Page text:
Friday, April 30, 2010

Bloody paperwork

Even though infusions can be stressful (especially the first few), you need to remember to keep a record of each one.  The information that is recorded on these logs can be an invaluable tool for dealing with insurance companies, doctors, and factor producers, as well as tracking bleed patterns. (Or so I'm told).

You can find all different kinds of infusion logs online.  Here are examples from Coram and Hemophilia Navigator.  I actually have no idea who the heck either of those are, but they came up high in the google search... so there you go.  I actually do like the format of both of these forms.  I think that these are designed to be printed out.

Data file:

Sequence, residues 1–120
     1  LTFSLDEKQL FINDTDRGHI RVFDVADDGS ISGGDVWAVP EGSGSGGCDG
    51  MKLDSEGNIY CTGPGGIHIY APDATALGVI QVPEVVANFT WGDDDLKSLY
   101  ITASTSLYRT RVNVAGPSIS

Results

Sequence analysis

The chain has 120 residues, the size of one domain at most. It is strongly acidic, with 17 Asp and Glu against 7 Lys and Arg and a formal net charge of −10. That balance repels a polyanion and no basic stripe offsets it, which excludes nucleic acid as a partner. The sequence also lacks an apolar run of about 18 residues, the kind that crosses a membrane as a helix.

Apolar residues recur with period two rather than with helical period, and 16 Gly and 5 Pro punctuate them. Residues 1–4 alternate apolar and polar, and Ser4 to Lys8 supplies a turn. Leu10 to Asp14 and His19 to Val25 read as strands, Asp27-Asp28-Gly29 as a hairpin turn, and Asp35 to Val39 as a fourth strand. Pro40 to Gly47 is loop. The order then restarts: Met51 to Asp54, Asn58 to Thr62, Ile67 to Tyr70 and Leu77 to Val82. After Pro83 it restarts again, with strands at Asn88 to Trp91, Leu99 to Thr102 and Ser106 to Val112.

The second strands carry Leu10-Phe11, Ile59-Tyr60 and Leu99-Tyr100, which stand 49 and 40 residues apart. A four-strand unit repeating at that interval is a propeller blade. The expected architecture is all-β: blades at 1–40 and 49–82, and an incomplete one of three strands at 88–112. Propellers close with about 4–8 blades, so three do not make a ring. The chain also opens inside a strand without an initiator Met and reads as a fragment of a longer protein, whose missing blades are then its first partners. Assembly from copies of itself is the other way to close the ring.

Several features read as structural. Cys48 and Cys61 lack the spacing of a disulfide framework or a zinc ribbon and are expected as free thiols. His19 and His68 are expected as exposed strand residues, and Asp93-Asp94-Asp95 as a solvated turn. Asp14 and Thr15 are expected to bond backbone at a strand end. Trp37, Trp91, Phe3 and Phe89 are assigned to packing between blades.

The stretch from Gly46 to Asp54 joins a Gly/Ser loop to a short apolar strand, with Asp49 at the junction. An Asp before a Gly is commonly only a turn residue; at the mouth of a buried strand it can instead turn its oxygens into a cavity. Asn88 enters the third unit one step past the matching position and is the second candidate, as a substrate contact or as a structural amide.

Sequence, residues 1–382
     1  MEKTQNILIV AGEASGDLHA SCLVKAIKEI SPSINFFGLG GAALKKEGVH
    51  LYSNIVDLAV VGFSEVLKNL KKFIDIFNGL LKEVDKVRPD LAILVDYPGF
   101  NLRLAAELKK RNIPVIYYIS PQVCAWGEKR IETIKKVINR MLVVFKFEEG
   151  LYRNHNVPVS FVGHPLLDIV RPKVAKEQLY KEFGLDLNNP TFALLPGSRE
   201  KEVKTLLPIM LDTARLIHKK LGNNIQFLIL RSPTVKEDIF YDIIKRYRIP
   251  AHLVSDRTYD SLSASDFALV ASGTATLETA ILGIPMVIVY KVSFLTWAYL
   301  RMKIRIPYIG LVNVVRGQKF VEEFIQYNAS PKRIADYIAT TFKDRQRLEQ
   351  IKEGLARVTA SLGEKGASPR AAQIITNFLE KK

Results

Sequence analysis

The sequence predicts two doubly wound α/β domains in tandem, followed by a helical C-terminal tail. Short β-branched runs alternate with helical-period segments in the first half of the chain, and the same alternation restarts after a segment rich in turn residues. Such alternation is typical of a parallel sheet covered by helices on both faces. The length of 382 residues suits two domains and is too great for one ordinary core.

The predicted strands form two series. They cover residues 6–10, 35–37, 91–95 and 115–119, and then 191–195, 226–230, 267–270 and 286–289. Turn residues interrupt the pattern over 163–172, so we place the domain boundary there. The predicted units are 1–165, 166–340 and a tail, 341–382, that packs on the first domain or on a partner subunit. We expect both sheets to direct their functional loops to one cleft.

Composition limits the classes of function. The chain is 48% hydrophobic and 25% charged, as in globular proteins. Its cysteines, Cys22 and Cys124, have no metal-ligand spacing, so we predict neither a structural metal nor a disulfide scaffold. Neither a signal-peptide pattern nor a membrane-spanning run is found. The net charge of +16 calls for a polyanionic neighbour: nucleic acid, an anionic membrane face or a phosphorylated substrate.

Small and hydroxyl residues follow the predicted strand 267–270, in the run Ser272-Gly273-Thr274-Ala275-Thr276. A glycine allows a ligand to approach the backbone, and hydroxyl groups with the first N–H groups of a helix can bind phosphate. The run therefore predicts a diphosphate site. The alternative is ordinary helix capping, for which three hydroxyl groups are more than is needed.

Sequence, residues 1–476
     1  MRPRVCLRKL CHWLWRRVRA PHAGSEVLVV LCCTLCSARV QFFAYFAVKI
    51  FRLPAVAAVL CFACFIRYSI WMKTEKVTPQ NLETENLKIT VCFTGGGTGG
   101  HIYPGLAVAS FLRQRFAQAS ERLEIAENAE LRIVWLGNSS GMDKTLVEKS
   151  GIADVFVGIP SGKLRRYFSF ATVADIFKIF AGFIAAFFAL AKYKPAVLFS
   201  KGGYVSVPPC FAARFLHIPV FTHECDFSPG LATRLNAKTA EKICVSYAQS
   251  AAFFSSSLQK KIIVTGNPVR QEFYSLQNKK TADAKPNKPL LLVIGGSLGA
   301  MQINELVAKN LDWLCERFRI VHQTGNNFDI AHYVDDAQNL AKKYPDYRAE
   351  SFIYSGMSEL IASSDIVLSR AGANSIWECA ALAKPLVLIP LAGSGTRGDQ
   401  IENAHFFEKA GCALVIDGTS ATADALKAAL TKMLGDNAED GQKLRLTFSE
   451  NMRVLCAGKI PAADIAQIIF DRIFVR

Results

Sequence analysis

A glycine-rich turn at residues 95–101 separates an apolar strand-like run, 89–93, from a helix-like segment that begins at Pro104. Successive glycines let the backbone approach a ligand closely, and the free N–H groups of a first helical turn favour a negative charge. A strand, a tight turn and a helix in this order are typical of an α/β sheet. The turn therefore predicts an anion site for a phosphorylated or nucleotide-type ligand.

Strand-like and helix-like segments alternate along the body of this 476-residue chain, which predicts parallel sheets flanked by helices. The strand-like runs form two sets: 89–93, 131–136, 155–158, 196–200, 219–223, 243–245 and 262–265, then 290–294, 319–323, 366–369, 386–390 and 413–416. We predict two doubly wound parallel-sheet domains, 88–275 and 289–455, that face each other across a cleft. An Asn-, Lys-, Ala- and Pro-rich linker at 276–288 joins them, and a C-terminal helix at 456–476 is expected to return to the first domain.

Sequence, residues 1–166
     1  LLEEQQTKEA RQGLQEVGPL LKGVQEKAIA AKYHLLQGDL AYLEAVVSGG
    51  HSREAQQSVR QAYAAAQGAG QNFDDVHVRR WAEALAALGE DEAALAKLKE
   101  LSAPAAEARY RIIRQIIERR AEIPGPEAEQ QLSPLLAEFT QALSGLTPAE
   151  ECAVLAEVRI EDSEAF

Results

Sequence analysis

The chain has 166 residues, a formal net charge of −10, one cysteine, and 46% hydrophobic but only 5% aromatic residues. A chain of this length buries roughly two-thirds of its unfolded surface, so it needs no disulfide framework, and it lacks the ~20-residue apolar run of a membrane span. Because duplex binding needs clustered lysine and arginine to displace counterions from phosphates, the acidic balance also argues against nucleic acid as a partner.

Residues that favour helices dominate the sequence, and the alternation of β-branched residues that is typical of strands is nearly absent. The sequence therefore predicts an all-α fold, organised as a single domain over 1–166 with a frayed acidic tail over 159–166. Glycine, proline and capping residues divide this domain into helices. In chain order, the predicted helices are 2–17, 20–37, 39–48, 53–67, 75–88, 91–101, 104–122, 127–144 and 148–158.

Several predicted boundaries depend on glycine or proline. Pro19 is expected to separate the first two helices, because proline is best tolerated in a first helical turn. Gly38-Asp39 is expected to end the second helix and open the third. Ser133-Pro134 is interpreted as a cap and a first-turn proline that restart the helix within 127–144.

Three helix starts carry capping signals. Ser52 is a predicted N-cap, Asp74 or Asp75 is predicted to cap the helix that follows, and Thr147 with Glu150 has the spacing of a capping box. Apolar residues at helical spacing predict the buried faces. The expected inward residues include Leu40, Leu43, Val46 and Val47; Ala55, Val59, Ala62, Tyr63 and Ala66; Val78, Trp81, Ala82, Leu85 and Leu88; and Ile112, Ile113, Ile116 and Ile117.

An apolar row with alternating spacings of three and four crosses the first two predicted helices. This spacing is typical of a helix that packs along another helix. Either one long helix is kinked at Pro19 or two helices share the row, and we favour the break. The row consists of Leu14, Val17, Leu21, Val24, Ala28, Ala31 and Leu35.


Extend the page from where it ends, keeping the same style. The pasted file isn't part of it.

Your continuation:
I decided to keep both paper and online infusion logs.  I did a spreadsheet in gmail (free and easy) because it is web based and I can access it from any computer, not just my own. ( I'm keeping paper ones as well, because I'm pretty sure that some kind of meteorite or the swine flu or Al Gore will eventually kill the internet.)  

On my sister's advice, along with all pertinent information about the infusion, I also included insurance information on my spreadsheet.  (Cost, amount covered by insurance, amount owed, etc.)  Apparently, some insurance companies get all uppity about paying their bills.

You can also get free infusion logs from makers of factor products and all of the associated gear.  Ask your local treatment center if there's any good stuff that they've got lying around or if there are any resources that might be available.  I have a really cool little one that comes in it's own little spiral binder... now if only I can find that thing.

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